Saturday, April 11, 2009

Odean Pope at Nightstage circa 1987 or So.

This is another conversation from my small archive of interviews from the late 1980's. It is a conversation Craig Schildhauer taped with Odean Pope at a Max Roach show in an odd grubby Cambridge called Nightstage that has long since vanished beneath the waves.

Craig: "What were some of your earliest influences as far as formulating your current musical (approach)?"

Odean Pope: "There was a great keyboardist in Philadelphia. I lived about two or three blocks from him, Hasaan Ibn Ali. He was a great influence on all the musicians there. He was like this extraordinary keyboardist. In fact, he did a recording with Max Roach some time in the early sixties, the Max Roach Trio featuring the Legendary Hasaan. He was a great, great innovator. He was the kind of person that could just create all kinds of different melodies, rhythmic concepts, harmonic concepts, cross rhythms, two against three, three against five, seven/four, nine/four, eight/four and all kinds of different rhythms.

And I was blessed to be living probably about two or three blocks from him. Him and I used to get together sometimes, two or three days a week. And that was the first, early developments. And then after a period of six to eight months, we started getting together practically every day and it was like a sort of institution for me."

"In terms of music, learning all the different kinds of cross rhythms, seven/four, eight/four and things of that nature, from that experience, I think, I listened. I learned to listen to keyboards a lot. I started doing research on Fats Waller, Bill Evans, 'Fatha' Hines, Thelonious Monk and Bud Powell. And I just started listening to a whole host of keyboard players because I always wanted to play long phrases like keyboard players."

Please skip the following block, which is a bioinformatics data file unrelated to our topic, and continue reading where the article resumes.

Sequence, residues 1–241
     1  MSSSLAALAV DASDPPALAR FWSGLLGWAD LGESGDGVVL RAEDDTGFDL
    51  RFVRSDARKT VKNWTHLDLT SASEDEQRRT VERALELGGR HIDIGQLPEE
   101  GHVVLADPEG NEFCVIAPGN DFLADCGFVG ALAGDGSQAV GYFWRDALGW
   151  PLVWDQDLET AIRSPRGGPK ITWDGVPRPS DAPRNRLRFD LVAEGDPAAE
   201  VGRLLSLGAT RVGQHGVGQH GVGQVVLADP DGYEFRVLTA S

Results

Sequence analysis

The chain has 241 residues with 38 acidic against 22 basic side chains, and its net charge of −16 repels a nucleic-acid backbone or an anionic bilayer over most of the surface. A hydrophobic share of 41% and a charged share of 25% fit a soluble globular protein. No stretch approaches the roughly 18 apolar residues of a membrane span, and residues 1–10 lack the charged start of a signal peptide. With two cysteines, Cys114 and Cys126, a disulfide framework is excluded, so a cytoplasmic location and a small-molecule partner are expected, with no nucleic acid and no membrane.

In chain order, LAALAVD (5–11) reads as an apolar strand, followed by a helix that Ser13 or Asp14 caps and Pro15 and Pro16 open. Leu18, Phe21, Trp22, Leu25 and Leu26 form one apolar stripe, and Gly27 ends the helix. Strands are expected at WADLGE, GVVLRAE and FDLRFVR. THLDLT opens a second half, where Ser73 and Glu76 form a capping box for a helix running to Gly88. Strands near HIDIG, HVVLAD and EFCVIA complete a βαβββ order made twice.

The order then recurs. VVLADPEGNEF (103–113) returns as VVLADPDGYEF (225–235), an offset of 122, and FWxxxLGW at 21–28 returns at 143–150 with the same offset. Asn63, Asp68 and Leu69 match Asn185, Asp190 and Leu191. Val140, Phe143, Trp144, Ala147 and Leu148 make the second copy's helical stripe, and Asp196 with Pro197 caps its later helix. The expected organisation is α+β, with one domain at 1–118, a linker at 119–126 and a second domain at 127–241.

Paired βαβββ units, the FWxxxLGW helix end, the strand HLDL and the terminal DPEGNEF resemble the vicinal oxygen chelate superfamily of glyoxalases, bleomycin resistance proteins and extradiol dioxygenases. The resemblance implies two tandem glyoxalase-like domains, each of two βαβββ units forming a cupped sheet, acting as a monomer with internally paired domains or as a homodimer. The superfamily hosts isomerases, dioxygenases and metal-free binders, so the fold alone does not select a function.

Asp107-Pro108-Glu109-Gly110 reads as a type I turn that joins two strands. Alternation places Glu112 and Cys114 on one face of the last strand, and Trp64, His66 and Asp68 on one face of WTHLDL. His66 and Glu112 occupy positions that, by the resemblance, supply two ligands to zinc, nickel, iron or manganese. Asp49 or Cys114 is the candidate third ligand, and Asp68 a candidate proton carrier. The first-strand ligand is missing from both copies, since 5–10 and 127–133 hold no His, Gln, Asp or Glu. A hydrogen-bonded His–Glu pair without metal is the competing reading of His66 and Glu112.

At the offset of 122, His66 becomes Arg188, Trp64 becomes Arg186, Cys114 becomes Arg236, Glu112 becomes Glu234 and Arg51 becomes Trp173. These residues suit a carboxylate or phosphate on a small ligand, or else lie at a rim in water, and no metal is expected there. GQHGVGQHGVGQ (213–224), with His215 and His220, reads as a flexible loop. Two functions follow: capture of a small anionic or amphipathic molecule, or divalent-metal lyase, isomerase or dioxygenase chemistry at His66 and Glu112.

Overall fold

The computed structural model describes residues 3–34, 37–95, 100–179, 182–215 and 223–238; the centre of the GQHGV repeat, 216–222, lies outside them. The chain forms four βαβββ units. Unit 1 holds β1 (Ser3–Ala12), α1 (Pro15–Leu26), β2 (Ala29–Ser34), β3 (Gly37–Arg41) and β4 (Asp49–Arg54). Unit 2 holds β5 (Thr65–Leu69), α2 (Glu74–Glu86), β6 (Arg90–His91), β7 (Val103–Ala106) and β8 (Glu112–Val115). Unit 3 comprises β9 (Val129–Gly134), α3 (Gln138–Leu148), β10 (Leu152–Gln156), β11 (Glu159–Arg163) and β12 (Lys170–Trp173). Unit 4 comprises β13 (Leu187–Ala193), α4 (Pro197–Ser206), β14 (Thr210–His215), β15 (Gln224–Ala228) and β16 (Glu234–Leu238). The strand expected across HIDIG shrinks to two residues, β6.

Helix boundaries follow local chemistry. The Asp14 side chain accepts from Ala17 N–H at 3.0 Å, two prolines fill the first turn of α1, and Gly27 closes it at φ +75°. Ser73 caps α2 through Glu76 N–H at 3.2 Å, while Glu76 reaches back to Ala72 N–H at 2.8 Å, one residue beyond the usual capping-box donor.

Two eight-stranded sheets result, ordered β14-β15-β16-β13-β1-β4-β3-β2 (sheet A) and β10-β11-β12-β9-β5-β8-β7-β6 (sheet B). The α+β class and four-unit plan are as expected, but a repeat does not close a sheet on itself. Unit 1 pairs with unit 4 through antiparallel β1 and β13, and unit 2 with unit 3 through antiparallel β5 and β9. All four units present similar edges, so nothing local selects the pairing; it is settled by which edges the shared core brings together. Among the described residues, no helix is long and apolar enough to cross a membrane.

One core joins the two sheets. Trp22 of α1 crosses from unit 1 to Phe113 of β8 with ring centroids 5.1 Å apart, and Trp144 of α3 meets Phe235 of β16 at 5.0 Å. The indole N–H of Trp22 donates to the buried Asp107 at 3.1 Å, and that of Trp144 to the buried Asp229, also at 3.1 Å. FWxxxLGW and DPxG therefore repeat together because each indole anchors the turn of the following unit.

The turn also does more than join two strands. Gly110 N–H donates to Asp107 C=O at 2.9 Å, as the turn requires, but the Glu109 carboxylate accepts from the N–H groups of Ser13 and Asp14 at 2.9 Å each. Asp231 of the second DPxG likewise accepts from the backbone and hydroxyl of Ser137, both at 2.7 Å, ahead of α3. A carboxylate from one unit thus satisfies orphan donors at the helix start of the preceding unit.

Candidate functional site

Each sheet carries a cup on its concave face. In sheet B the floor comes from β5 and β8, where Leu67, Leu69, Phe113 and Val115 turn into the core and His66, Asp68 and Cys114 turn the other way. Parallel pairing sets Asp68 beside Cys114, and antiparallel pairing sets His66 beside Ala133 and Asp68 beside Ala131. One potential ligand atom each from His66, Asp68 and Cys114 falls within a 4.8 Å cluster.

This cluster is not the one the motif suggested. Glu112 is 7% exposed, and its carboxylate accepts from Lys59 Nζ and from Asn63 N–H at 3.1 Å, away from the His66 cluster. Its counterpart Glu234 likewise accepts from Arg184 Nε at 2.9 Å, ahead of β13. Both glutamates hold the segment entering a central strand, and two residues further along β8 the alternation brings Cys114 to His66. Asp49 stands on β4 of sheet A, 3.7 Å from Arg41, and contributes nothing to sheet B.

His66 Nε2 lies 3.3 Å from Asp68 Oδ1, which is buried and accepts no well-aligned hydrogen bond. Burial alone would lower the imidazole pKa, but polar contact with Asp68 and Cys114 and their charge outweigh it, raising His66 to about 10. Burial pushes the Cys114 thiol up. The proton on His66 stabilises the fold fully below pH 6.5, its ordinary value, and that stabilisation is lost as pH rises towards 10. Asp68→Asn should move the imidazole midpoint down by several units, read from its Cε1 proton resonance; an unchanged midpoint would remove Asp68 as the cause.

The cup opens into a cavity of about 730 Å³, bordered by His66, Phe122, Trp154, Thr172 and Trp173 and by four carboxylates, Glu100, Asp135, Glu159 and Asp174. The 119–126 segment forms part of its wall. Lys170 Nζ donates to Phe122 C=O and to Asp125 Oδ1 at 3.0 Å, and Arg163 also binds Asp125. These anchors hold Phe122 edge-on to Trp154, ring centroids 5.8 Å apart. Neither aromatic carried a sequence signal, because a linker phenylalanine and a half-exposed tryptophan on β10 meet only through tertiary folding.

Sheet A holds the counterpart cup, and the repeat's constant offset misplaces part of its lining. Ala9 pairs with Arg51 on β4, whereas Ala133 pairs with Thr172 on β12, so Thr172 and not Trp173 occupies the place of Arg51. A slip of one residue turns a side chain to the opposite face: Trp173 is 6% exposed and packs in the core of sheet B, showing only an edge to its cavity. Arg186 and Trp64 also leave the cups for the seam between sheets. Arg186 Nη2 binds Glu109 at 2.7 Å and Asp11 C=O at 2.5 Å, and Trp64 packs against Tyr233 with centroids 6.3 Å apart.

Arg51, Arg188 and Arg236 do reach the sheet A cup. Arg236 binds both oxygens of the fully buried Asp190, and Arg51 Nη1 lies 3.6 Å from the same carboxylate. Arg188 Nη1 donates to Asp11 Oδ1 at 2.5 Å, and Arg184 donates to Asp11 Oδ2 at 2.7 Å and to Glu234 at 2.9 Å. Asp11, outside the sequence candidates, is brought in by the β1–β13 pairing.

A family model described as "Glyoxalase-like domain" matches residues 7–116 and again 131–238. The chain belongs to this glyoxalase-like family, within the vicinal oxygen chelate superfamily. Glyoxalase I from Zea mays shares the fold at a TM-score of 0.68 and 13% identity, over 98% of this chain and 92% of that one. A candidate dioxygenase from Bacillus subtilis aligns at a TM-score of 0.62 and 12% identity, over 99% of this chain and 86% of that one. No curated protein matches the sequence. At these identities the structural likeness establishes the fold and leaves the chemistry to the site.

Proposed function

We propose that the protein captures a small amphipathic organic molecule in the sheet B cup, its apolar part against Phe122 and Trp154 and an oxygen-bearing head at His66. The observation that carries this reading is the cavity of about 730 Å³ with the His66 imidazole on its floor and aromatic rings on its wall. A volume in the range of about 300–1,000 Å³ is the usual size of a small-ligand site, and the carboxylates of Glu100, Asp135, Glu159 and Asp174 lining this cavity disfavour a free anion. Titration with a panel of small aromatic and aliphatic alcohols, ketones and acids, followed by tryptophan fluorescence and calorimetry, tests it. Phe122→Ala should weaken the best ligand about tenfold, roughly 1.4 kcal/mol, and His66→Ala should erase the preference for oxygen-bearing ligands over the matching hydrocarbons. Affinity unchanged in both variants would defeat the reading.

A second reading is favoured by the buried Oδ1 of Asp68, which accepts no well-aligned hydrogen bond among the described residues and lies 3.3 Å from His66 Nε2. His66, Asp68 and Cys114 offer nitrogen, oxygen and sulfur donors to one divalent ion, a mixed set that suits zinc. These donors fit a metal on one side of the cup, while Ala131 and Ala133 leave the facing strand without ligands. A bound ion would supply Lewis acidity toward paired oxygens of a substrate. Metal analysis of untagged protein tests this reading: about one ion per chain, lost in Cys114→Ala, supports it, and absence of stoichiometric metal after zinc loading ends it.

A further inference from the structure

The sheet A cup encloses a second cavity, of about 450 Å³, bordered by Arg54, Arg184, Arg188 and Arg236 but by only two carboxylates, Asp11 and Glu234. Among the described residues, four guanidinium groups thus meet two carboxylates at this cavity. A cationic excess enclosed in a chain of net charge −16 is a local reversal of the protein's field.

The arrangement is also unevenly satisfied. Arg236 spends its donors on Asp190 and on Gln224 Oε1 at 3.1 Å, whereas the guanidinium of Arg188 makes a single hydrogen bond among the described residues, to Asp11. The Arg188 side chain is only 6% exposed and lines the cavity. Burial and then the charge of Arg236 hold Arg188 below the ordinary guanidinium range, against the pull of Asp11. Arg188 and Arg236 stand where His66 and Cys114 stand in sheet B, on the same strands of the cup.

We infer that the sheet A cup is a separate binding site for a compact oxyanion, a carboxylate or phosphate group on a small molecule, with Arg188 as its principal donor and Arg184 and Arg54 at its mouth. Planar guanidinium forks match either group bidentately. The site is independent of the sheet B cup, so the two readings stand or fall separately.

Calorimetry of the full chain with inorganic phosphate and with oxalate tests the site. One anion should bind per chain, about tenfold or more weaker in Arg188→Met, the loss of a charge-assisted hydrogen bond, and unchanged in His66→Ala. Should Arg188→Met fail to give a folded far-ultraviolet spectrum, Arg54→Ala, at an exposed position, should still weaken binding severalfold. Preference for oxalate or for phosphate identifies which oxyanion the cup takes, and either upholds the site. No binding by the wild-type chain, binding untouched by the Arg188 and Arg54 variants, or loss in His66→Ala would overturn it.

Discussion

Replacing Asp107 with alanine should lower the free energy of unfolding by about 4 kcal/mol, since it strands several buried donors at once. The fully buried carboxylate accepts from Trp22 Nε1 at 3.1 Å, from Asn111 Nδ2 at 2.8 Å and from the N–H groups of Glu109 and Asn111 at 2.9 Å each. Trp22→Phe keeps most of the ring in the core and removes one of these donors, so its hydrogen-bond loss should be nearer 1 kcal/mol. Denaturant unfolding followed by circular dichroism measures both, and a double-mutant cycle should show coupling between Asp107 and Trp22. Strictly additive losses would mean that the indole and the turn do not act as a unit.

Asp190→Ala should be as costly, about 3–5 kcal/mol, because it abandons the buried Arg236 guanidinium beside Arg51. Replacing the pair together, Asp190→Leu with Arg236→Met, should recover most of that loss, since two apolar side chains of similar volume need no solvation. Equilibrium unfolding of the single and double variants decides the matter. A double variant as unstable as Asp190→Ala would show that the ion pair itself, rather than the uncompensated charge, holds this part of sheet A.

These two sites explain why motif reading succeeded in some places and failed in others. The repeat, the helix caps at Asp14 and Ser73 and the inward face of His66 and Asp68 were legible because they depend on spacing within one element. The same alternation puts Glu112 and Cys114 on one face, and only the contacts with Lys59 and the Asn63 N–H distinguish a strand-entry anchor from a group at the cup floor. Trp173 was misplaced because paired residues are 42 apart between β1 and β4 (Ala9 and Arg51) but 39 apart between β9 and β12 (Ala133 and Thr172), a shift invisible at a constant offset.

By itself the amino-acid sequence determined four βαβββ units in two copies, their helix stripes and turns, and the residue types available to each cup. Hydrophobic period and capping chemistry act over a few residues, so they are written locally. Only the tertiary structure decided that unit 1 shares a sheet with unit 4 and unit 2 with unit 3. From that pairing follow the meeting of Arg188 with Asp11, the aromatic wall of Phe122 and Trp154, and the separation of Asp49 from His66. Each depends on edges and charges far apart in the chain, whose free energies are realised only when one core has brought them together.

"I was never fond of listening to horn players. Because at a very early age, I developed a sense of thinkin' if you play too much like another horn player, it would be very hard for you to get any kind of recognition. So, as a result, I started listening to a lot of keyboard players. And the greatest influence would be, to answer your question, would be Hasaan Ibn Ali."

Craig: "Was saxophone your first instrument?"

Odean Pope: "In the beginning, I was playin the keyboards, piano player, a piano and clarinet. I played clarinet and piano, I guess probably about four or five years."

Craig: "What made you cross over to saxophone?"

Odean Pope: "Well, I'm thinkin' it was an experience of trying to search and trying to find a voice that would be close to the human voice. And, basically, it's all sort of derived from, like I said earlier, my child experiences like singing in the church. I was always looking for that voice that was going to sound like the (human) voice."